LEAP FOR THE FUTURE, SOAR UP TO THE WORLD

KU Newsletter (september 2016)
KU Center for Integrated Sciences and Technology Recognized as Korea’s Grande École

Earlier this year, Konkuk University (KU) was selected to join the Program for Industrial Needs-Matched Education, a government initiative also known as the PRIME project. KU is expected to receive up to 450 billion won in government funding by 2018, and plans to establish the Konkuk Institute of Technology (KIT) to train and prepare students for industries with significant growth potential.

Against this backdrop, the five-year BS/MS program offered by KIT is being recognized as Korea’s grande école especially in light of the Ministry of Education’s recent plans to improve graduate-level education. In France, grandes écoles offer programs in business, engineering, public administration, and other specialized fields with its basic degree equivalent to a master’s degree.

Given Konkuk’s strong tradition in biosciences and IT, the center is expected to offer an exceptional program through which students will be able to study emerging topics at the forefront of science and technology. KIT will include four departments in biotechnology and another four departments in engineering, and students will be able to pursue a degree in energy engineering, biomedical engineering, stem cell regeneration, smart cars, cosmetics, among others. A biomedical engineering student, for example, may explore molecular and nano diagnostics, radiology, and preclinical trials to develop expertise in smart healthcare.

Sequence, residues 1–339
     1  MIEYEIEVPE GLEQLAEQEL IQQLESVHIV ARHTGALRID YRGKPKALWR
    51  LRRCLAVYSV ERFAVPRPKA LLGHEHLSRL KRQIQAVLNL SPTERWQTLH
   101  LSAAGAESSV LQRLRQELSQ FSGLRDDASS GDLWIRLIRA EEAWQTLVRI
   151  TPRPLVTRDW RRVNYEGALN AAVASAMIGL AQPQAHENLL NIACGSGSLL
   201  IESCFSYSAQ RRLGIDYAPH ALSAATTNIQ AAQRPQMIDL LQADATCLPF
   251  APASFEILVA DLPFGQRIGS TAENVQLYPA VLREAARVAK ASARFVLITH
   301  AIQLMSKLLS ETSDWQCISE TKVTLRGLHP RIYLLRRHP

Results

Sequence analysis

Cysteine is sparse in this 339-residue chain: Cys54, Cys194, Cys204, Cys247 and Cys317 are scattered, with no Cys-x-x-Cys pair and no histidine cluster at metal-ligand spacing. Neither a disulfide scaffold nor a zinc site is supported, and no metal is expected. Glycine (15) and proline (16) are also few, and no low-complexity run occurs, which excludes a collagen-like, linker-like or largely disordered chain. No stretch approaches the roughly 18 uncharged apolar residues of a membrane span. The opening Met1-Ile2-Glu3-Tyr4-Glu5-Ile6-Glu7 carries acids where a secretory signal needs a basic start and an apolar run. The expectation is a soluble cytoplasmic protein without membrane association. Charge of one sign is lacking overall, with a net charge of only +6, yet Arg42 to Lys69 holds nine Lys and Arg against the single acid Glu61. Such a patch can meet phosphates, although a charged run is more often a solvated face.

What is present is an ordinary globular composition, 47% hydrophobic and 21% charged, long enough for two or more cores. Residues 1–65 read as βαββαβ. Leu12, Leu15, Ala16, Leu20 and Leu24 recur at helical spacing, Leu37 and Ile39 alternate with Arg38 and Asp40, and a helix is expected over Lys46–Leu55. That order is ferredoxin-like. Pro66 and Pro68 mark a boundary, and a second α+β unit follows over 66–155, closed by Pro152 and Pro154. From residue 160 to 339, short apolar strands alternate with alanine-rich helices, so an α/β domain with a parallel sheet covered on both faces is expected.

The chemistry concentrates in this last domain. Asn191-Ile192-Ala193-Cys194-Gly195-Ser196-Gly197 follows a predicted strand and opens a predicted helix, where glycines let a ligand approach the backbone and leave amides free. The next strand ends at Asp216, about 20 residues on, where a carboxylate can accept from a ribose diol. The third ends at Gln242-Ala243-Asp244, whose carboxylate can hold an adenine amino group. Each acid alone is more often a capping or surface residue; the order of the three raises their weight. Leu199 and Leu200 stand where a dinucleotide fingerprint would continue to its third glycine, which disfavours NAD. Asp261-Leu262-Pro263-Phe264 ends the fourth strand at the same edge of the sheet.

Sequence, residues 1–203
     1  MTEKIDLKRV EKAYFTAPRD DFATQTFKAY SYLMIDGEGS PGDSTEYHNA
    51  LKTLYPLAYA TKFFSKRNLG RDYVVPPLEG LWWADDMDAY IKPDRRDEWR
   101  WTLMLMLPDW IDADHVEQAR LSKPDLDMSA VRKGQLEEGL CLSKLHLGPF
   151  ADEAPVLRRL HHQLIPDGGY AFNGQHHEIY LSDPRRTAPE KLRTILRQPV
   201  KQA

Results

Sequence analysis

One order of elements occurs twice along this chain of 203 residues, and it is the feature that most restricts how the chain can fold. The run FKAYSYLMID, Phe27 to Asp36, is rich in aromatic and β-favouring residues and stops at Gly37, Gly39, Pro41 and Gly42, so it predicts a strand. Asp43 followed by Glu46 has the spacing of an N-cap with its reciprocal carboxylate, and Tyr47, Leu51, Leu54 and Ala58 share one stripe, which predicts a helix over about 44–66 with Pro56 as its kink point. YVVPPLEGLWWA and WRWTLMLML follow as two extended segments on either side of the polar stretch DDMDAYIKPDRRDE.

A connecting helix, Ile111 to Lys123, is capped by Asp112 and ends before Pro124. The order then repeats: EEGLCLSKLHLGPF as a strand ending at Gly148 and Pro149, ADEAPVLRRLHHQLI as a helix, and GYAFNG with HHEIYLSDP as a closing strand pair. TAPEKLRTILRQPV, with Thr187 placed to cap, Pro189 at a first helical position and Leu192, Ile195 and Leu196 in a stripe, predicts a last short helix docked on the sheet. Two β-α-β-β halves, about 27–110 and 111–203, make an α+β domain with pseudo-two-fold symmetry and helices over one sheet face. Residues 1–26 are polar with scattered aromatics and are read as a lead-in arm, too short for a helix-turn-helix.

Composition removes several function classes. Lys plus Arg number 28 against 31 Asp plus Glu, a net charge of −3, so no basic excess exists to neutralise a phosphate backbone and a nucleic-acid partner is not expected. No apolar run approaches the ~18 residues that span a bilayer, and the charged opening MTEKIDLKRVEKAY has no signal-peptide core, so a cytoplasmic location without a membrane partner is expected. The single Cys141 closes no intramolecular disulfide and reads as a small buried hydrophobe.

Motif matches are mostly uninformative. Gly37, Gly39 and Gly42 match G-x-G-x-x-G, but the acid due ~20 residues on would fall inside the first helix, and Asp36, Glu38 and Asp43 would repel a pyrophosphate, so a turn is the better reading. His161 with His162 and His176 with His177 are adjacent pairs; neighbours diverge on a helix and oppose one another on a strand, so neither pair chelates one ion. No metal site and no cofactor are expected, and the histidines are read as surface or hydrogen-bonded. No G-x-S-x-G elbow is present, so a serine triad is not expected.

Generous scholarships will be available for the five-year program. During their master’s programs, tuition is exempted for all students. A number of students will also receive a deduction in tuition for 1-2 years as well. In addition, undergraduate students will be eligible to apply for research stipends, and new scholarships for internships and study abroad programs have also been established.

“When Konkuk was planning for the PRIME project, we recognized that undergraduate education alone may not be sufficient to raise leaders who can bring changes to the industry,” said President Sang-gi Min. “This is why we chose the name “Konkuk Institute of Technology” instead of establishing an undergraduate college or graduate school, and we hope that it could contribute to fostering experts through academic and practical training.”